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Michael Chabon on heaven

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#1 Overstreet


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Posted 13 January 2011 - 04:59 PM

Apparently, the President's mentions of heaven in his memorial speech for the victims of the Tucson shooting bothered author Michael Chabon.

Having struggled all the way through to make my own sense of sorrow and confusion congruent with what I saw happening in Tucson, having found that point of tangency at the rueful and admonitory heart, the father's heart, of the speech, I fell all the way out again, right at the end. "If there are rain puddles in heaven," the president said, evoking the words of an unnamed contributor to an album of photos of babies born on 9/11, "Christina is jumping in them today."

I tried to imagine how I would feel if, having, God forbid, lost my precious daughter, born three months and ten days before Christina Taylor-Green, somebody offered this charming, tidy, corny vignette to me by way of consolation. I mean, come on! There is no heaven, man. The brunt, the ache and the truth of a child's death is that he or she will never jump in rain puddles again. That joy was taken from her, and along with it ours in the pleasure of all that splashing. Heaven is pure wishfulness, an imaginary solution to the insoluble problem of the contingency and injustice of life.

But I've been chewing these words over since last night, and I've decided that, in fact, they were appropriate to a memorial for a child, far more appropriate, certainly, than all that rude hallooing. A literal belief in heaven is not required to grasp the power of that corny wish, to feel the way the idea of heaven inverts in order to express all the more plainly everything—wishes, hopes and happiness—that the grieving parents must now put away, along with one slicker and a pair of rain boots.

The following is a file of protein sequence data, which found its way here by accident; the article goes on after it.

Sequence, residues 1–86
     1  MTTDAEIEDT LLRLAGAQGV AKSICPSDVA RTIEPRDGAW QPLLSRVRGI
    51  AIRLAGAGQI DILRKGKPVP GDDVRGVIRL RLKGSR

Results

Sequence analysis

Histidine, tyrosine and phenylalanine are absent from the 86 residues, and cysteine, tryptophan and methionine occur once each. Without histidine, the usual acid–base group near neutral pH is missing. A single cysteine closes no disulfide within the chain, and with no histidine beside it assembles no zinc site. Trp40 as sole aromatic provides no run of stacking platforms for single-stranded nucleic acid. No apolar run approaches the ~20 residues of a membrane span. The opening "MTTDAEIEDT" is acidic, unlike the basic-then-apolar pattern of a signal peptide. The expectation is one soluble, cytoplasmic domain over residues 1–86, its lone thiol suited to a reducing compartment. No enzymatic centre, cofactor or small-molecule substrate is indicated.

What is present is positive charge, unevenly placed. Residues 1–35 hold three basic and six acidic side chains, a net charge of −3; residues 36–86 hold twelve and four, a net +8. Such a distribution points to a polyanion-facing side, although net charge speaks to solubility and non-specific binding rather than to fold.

#2 opus


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Posted 13 January 2011 - 05:21 PM

Hmm... it seems like one of Chabon's primary issues with the mention of heaven, aside from the whole non-existing thing, is that it somehow downplays and diminishes the pain and anguish of loss, that it diminishes the tragedy and horror. At least, that's how I read the second paragraph in the above quote.

If that's what he thinks, then I disagree with it. I believe that heaven is, in some way, an answer to the pain and suffering of this broken world -- but knowing there's an answer need not mean that you diminish or downplay pain, suffering, and tragedy. Rather, it puts them in a different context where such things, as horrible as they are, don't have the final word, don't serve as the final condition.

#3 Russ



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Posted 13 January 2011 - 06:07 PM

You should comment on his article. It looks like there's some chance you'll get a response from Ayelet Waldman, or from somebody trying hard to give that impression.

#4 Ryan H.

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Posted 13 January 2011 - 09:31 PM

I have problems with the view of heaven presented in Obama's speech, but it's more along N. T. Wright-ian grounds ala SURPRISED BY HOPE.

#5 Persona


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Posted 14 January 2011 - 01:42 AM

I have problems with the view of heaven presented in Obama's speech, but it's more along N. T. Wright-ian grounds ala SURPRISED BY HOPE.

Wow, I'll bet we're close to agreeing on something again. This time it only took us a few months...

Of course there are puddles in heaven! Duh! Take a look around. Do you see puddles on earth?

Unless the reconciliation of all things means no more rain. But I would eventually miss the rain. So there must be puddles in heaven.